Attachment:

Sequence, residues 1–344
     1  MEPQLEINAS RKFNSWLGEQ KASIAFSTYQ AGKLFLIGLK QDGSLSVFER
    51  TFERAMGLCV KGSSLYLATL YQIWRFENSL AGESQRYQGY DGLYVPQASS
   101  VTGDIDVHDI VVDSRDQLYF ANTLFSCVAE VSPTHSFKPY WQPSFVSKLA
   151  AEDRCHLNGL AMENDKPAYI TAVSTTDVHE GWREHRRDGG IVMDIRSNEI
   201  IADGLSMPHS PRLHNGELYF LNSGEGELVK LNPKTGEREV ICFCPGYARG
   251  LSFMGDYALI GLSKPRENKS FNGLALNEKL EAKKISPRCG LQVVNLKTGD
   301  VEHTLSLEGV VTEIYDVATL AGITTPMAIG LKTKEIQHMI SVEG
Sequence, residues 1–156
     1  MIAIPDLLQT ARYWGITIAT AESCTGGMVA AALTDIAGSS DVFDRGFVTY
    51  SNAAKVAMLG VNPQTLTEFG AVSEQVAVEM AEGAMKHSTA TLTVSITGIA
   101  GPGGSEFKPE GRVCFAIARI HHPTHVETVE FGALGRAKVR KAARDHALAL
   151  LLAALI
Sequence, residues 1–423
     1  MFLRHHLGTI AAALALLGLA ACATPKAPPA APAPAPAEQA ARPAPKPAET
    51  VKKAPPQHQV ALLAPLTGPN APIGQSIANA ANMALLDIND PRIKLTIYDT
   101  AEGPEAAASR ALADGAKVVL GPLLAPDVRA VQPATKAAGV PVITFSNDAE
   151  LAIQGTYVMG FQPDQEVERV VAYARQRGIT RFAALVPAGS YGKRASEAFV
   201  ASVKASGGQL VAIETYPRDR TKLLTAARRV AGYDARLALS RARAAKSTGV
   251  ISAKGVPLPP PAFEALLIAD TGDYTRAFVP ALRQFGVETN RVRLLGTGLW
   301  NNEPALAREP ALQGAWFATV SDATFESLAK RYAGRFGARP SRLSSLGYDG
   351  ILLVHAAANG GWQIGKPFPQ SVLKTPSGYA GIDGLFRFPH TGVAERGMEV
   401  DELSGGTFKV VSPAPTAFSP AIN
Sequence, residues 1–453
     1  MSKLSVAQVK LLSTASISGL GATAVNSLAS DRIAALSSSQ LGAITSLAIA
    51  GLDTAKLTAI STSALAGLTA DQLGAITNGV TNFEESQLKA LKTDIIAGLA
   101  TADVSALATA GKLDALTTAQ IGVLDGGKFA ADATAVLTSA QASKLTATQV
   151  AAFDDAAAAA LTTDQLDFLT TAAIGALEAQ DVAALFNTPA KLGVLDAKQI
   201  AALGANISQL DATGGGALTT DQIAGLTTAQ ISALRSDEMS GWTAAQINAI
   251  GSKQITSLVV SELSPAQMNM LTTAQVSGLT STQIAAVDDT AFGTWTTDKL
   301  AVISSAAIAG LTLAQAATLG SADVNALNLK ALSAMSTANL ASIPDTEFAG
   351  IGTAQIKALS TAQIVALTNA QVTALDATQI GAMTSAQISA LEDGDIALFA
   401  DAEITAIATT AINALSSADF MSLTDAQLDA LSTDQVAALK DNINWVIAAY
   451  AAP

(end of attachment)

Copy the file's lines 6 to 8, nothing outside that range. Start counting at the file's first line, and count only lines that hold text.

   201  IADGLSMPHS PRLHNGELYF LNSGEGELVK LNPKTGEREV ICFCPGYARG
   251  LSFMGDYALI GLSKPRENKS FNGLALNEKL EAKKISPRCG LQVVNLKTGD
   301  VEHTLSLEGV VTEIYDVATL AGITTPMAIG LKTKEIQHMI SVEG